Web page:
So at first I thought this was some kind of hoax.  But no, the two scientists, I. Vyacheslav Manichev and Alexander G. Parkhomenko, are apparently serious. "The absolute mark of the upper large erosion hollow of the Sphinx corresponds to the level of water surface which took place in the Early Pleistocene," Manichev and Parkhomeno write.  "The Great Egyptian Sphinx had already stood on the Giza Plateau by that geological (historical) time."

The article, which quotes extensively from their paper, describes their argument, which seems to be based on an assumption that the weathering of the rock from which the Sphinx is built couldn't have happened in 4,500-odd years.  Plus, as the Sphinx is thought to have spent at least part of that time covered in sand and thus protected from damage, there's no way all of the erosion we see can be due to processes that have occurred in that time.  We then hear about the geological history of the area around Giza, including the presence of a freshwater lake 800,000 years ago that could account for the condition of the Sphinx.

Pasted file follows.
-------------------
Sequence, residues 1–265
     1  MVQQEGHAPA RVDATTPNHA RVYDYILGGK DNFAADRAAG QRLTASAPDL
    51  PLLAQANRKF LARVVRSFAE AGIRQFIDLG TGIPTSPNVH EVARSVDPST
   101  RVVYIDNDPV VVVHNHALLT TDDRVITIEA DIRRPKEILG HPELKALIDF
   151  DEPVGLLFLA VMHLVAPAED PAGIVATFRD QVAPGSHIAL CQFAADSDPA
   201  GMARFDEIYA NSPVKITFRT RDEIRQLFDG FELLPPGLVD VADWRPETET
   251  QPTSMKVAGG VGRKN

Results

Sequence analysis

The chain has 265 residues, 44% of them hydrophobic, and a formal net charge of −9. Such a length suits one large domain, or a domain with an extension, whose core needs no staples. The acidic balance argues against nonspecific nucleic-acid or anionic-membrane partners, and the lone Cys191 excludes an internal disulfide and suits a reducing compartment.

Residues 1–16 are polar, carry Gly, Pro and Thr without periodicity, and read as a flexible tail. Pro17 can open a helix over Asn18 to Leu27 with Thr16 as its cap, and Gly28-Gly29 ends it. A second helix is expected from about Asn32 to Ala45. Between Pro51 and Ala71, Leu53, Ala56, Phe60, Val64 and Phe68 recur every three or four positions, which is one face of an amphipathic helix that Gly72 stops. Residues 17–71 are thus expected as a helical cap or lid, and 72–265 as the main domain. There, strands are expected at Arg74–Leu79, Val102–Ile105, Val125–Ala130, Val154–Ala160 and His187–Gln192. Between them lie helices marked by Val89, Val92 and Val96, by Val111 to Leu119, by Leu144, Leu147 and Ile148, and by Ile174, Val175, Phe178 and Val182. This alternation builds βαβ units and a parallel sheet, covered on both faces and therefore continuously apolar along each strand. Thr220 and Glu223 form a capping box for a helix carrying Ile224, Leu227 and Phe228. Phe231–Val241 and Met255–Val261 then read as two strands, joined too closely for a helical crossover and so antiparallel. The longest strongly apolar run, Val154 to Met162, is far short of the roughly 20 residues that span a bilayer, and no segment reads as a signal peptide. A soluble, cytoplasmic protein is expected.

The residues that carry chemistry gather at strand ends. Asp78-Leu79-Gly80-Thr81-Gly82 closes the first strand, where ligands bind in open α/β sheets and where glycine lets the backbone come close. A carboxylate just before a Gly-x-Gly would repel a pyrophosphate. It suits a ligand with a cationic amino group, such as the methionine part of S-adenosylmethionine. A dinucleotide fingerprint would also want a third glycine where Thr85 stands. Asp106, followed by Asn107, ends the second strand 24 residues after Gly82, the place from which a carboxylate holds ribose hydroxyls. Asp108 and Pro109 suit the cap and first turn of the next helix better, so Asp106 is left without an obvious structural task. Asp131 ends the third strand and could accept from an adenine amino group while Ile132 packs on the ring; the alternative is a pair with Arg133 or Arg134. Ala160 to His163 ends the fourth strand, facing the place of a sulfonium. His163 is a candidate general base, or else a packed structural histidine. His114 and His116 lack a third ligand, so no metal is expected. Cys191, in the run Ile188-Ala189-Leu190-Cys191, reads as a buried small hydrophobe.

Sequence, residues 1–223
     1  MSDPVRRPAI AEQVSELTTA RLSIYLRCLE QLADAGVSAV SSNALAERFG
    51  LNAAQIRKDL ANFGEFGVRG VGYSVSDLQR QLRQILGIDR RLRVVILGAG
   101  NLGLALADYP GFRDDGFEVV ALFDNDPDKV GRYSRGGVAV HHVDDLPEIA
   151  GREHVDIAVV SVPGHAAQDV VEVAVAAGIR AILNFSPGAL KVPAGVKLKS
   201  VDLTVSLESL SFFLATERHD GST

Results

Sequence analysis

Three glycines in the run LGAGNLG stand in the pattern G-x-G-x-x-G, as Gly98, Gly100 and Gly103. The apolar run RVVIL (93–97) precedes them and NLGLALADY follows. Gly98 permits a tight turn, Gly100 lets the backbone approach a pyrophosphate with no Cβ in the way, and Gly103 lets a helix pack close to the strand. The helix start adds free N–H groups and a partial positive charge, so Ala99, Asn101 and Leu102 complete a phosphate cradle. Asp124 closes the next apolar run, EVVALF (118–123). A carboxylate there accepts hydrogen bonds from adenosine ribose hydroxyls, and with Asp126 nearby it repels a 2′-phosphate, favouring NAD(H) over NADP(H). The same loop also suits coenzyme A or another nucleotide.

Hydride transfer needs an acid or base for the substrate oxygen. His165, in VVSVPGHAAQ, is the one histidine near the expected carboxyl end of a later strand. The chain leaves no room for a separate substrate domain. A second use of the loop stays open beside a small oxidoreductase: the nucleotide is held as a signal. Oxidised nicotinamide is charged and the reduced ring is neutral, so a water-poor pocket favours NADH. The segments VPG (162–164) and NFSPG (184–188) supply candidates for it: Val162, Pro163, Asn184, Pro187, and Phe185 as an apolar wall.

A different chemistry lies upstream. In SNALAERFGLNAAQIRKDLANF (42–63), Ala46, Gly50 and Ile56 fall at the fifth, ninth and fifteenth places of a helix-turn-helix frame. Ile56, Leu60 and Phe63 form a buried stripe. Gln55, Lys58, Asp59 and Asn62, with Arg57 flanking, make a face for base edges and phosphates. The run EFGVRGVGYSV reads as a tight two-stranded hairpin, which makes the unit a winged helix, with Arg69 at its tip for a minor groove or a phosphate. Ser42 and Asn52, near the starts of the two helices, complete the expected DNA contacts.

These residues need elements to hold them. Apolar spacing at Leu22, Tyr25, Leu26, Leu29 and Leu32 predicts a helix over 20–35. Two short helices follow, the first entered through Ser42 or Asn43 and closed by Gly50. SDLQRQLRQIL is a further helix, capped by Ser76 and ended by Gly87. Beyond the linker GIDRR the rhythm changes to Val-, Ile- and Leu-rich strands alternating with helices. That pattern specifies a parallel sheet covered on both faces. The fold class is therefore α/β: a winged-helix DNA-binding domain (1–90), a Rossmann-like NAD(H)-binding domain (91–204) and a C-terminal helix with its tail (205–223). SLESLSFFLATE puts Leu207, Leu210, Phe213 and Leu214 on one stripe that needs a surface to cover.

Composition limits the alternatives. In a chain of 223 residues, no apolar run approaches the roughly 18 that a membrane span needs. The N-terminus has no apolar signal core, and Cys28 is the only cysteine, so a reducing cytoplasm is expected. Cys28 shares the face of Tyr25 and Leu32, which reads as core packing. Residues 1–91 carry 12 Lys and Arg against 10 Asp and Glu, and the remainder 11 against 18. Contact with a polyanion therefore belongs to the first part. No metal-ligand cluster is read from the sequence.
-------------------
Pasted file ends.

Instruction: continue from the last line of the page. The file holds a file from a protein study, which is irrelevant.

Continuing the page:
No mention is made of the fact that the builders of the Sphinx could have constructed it from rock that was already partially weathered.

[image courtesy of the Wikimedia Commons]

But it's only at the very end of the article that they admit the worst problem with all of this: